Pearl Harbor Breakfast

Bob Henderson, the Illinois American Legion State Commander, was the guest speaker at the annual Pearl Harbor Memorial Breakfast in Teutopolis.

By Herb Meeker

News Report Staff

Sunday’s Pearl Harbor Memorial Breakfast in Teutopolis serves as a reminder the legacy of that horrific December morning in Hawaii will not be forgotten by veterans.

Illinois American Legion State Commander Robert “Bob” Henderson spoke to the gathering of local veterans and their supporters, including members of Teutopolis American Legion Post 924, which has organized the annual breakfast for 71 years. For many years, the annual breakfast, which is held the Sunday before December 7, would draw area Pearl Harbor survivors.

Those survivors are gone now, but Paul Runde and Dean Probst, both local World War II veterans, were part of the crowd that included many veterans from the Korean and Vietnam wars, as well as more recent conflicts involving American military forces.

The annual breakfast is a chance for veterans to talk about their families, hobbies and the fine taste of the sausage and eggs served up by female volunteers. There is a lot of ribbing and laughter during the meal time, and then the group is brought back to the purpose of the breakfast.

Henderson noted most of the witnesses of the Pearl Harbor attack on Dec. 7, 1941, are no longer with us. But it is important for all Americans to honor “a day that defined America.”

Though it was a great defeat for America, Pearl Harbor was also a costly victory for Imperial Japan. The losses from that day in Hawaii united the United States like never before in its history. The “toughness and grit” of Americans came forth, especially to avenge the sneak attack on its territory and so many lives lost.

Henderson, a Navy veteran from Homer, served from 1961-65 at different posts along the Pacific Rim, including Alaska, Hawaii, Australia and Japan. During his remarks as keynote speaker, Henderson talked about the virtues of the World War II Generation, which he grew up admiring when he attended school in Homer, a small Central Illinois town. Those virtues included service, sacrifice and valor.

Henderson showed how valor was common among men and women during the attacks on Hawaii that December morning. He noted there were 15 Medals of Honors, 51 Navy Crosses and 53 Silver Stars awarded for heroism from that day, including those who sacrificed their lives during the “unprovoked killing spree” on December 7. Some stood their ground or remained at their battle stations even though they had little chance for survival.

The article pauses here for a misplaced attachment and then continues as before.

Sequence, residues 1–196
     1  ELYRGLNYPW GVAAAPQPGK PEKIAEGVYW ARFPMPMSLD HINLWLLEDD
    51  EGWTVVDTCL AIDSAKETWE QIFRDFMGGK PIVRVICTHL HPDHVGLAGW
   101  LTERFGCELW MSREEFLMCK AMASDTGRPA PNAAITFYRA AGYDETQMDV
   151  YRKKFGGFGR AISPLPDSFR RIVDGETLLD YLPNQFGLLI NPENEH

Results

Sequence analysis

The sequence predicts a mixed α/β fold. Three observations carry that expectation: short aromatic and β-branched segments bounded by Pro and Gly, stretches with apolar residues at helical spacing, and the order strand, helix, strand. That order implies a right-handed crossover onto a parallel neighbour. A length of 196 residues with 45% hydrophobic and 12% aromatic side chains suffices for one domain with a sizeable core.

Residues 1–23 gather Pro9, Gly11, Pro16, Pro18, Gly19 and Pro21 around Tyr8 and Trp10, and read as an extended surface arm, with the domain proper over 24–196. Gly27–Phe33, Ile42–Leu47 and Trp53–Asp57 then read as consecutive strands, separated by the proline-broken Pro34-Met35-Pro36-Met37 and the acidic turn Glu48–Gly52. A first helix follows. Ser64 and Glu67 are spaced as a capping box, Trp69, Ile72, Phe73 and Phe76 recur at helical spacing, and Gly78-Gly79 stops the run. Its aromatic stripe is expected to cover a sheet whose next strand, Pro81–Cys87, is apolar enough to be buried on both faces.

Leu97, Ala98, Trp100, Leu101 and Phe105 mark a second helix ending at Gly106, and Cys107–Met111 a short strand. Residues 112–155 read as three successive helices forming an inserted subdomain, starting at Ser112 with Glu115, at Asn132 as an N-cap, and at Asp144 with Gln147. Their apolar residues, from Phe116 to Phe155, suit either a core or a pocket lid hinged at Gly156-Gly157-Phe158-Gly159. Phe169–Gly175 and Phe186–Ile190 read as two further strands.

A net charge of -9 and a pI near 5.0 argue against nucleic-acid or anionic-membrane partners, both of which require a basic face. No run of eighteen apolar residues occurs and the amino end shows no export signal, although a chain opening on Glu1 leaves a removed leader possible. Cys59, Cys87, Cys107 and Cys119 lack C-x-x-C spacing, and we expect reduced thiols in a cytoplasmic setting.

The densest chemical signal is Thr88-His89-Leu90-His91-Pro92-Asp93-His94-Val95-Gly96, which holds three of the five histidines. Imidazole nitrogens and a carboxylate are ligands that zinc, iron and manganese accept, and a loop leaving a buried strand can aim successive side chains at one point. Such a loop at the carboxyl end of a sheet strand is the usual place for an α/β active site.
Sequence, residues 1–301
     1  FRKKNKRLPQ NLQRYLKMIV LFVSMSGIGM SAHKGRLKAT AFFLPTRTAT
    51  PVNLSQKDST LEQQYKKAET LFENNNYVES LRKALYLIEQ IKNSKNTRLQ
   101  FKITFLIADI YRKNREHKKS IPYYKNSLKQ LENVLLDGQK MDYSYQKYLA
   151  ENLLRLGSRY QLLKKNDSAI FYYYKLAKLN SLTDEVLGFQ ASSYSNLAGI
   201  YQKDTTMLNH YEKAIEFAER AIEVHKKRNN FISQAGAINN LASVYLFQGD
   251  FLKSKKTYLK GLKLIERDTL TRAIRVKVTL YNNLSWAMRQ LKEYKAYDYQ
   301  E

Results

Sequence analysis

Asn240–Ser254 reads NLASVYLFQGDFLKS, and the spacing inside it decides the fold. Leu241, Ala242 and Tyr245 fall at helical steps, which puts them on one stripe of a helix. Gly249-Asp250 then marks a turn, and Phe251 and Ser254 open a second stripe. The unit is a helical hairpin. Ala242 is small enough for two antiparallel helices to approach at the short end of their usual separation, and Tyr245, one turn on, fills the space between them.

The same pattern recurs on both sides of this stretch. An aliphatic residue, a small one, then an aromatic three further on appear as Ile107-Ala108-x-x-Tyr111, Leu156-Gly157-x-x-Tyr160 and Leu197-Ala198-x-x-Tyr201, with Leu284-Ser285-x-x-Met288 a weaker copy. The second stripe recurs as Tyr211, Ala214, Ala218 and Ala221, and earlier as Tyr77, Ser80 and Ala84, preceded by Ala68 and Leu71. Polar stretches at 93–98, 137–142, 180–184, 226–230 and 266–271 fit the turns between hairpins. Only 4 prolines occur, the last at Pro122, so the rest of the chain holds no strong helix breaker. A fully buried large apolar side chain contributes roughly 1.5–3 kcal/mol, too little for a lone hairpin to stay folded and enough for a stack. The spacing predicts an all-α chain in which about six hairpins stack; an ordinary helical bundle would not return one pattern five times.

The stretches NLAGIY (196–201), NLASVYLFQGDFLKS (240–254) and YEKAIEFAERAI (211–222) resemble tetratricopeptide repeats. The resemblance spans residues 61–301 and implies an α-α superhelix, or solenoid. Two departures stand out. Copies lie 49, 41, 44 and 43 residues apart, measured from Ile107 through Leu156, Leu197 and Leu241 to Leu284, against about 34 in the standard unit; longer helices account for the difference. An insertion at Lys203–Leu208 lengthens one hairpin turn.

Though caught in the middle of a massive sneak attack by hundreds of Japanese warplanes from four aircraft carriers off Hawaii and even midget submarines, American fighters struck back.

“They were still feisty that day. They shot down 29 Japanese planes, damaged 29 more and sank or beached five subs,” Henderson said.

One can only imagine how much more damage the Americans could have inflicted on the attackers if there might have been 30 minutes warning as the planes approached Oahu.

Nearly 60 years later, on Sept. 11, 2001, America would be attacked again and heroes would again come forward, Henderson said. But the death toll that day would mostly be civilians, mostly those in the Twin Towers struck by jetliners in New York City.

“On 9/11, America was caught off guard again. It marked the beginning of a new war against global terrorism. On that day, there was similar courage from police officers, firefighters and volunteers. They ran into burning buildings.  They saved lives. So many gave their lives for others,” the State Commander said.

Just as the heroes of Pearl Harbor had looked up to the Doughboys of World War I and other veterans, the generation of 9/11 was inspired by the World War II generation.

“There are young men and women who want to live up to the legacy of those before them,” Henderson said. “And that tradition not only benefits the American military and the American Legion but the entire world.”